Net Activists Hammer Judge Kavanaugh - Broadcasting & Cable
Sent letter to Senators opposing nomination to Supreme Court

Net neutrality activists have gotten together to fight the nomination of Judge Brett Kavanaugh to the Supreme Court, saying he would put the wishes of big cable and big telecom over the interests of the public.

Free Press, Public Knowledge, Fight for the Future, Demand Progress and 20 others have sent a letter to the Senate in opposition. His Senate nomination hearings--in the Judiciary Committee--are scheduled to begin Sept. 4, although Democrats are trying to delay them, partly in hopes of regaining the Senate and blocking the nomination themselves.

Kavanaugh, a judicial conservative who has participated in numerous cases involving communications issues, was tapped by the president July 9 to succeed Justice Anthony Kennedy.

Kavanaugh is currently a judge on the U.S. Court of Appeals for the D.C. Circuit, which is the court of primary jurisdiction for FCC decisions. 

Related: Communications Workers Oppose Kavanaugh

Back in October, he dissented from a decision by the full court not to grant ISPs request that it reconsider its decision upholding the Title II reclassfication, a reclassification Kavanaugh said was unlawful and should have been vacated.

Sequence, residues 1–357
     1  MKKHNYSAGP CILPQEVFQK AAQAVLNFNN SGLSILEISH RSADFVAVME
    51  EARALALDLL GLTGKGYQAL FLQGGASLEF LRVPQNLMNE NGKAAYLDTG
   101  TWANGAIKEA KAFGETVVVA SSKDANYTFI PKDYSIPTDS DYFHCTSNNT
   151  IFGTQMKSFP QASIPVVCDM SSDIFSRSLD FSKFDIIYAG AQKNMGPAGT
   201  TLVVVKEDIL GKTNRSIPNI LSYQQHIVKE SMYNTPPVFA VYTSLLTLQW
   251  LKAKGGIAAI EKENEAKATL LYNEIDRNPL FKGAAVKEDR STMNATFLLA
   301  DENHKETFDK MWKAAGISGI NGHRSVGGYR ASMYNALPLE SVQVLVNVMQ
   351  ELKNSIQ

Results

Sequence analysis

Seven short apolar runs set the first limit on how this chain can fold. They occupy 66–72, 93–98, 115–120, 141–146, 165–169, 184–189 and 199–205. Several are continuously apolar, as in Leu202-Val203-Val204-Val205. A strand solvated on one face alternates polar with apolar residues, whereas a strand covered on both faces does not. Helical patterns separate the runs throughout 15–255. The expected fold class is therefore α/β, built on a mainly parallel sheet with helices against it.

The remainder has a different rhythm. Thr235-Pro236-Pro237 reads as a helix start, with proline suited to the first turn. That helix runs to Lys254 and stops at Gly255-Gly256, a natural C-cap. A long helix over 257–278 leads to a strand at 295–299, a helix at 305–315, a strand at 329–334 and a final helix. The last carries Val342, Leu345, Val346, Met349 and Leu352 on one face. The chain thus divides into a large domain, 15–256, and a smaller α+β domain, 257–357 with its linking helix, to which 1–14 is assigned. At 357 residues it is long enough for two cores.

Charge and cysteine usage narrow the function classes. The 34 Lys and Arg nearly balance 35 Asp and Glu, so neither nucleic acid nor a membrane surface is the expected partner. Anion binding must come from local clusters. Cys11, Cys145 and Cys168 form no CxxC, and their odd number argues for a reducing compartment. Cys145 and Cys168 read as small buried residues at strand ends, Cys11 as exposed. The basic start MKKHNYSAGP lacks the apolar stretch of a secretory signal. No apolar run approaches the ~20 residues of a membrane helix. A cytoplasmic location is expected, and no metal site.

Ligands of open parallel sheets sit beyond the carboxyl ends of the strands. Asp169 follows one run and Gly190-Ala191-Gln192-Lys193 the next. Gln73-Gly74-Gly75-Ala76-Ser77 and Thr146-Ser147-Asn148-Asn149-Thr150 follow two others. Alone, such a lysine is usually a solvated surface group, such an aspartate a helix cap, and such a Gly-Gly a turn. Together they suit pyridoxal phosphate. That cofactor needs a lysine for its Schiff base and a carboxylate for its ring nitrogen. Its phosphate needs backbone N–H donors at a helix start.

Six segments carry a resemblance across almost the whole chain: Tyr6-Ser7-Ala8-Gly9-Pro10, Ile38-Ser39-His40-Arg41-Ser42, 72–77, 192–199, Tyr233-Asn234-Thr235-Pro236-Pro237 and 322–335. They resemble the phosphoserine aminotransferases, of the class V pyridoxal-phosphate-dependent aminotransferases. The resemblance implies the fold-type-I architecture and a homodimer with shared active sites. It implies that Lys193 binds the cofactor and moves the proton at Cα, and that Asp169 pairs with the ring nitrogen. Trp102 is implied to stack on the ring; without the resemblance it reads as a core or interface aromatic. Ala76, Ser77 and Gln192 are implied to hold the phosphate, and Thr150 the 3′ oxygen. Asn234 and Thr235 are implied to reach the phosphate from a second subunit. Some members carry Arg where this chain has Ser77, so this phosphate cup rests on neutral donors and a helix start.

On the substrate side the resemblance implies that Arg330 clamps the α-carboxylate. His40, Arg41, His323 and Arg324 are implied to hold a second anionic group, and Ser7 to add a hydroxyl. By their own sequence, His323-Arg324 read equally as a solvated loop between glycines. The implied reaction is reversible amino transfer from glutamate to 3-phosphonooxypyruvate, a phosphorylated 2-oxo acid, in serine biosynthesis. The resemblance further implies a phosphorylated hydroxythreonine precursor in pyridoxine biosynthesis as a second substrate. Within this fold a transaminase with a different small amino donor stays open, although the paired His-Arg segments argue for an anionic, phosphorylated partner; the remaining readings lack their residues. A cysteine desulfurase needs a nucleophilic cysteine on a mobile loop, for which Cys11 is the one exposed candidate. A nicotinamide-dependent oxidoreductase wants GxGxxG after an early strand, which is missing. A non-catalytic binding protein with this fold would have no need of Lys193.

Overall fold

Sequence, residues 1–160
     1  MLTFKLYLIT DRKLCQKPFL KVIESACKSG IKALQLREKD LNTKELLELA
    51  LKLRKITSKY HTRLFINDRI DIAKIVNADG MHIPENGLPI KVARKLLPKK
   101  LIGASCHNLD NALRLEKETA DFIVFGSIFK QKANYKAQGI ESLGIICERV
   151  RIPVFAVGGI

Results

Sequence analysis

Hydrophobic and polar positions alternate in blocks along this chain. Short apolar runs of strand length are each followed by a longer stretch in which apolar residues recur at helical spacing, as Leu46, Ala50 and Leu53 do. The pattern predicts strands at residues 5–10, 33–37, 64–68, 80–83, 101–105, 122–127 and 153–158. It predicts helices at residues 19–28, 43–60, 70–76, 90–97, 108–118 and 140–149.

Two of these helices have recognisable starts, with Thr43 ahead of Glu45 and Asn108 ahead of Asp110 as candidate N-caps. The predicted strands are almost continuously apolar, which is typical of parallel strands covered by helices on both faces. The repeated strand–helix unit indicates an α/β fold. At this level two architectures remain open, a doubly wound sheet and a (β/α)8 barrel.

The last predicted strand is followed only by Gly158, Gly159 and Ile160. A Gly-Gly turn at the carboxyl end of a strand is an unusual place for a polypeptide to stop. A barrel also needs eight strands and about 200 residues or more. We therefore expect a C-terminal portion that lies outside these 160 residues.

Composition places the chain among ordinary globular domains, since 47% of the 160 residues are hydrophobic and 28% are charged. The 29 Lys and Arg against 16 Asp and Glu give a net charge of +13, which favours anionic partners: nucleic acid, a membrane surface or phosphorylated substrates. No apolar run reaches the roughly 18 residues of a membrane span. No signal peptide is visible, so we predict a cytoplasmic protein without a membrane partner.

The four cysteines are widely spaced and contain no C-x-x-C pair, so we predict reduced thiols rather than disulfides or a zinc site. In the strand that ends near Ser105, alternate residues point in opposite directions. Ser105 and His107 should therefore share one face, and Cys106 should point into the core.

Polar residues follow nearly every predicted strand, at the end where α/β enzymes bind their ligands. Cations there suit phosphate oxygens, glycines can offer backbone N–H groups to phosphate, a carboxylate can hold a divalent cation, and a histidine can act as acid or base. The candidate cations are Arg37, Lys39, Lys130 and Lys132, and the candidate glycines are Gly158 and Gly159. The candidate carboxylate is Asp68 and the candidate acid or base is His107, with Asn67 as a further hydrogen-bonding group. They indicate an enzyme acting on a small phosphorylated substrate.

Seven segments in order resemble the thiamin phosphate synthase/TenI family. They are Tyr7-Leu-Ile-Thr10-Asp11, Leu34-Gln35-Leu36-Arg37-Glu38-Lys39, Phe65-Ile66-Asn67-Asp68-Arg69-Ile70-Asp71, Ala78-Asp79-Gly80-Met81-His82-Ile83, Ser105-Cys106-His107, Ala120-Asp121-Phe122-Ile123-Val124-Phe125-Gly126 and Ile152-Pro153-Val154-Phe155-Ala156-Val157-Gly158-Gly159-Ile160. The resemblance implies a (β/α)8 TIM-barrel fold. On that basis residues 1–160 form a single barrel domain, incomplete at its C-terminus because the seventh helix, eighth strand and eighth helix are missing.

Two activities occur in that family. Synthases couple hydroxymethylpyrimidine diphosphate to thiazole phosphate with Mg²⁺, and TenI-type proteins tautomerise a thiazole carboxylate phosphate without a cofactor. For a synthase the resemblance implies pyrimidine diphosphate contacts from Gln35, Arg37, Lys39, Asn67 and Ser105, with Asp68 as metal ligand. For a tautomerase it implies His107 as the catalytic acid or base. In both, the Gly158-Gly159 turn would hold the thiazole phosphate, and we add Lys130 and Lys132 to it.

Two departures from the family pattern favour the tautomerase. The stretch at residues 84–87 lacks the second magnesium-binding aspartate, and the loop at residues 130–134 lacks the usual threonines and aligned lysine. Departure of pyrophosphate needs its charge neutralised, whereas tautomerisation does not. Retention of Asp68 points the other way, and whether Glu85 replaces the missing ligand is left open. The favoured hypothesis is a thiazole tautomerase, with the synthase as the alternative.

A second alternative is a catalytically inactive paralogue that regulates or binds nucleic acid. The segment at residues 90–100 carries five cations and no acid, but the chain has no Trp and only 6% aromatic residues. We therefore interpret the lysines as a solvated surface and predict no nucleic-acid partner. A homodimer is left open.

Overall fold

Free Press et al. said that dissent revealed "his commitment to protect the alleged rights of the big cable and phone companies that provide broadband internet access rather than the communications rights of everyone in America who relies on an open internet."

Related: Court Fight Likely to Fill Media Coffers

They also didn't like that Kavanaugh, in his dissent said that "the Internet’s technological architecture may mean that Internet service providers can provide unlimited content; it does not mean that they must.”

They also said that putting Kavanaugh on the High Court would "improperly make the First Amendment a shield for many harmful business practices, suggesting that the 'speech' interests of a company in favoring some internet services over others outweigh consumer choice and the free expression interests of all other internet users and services."

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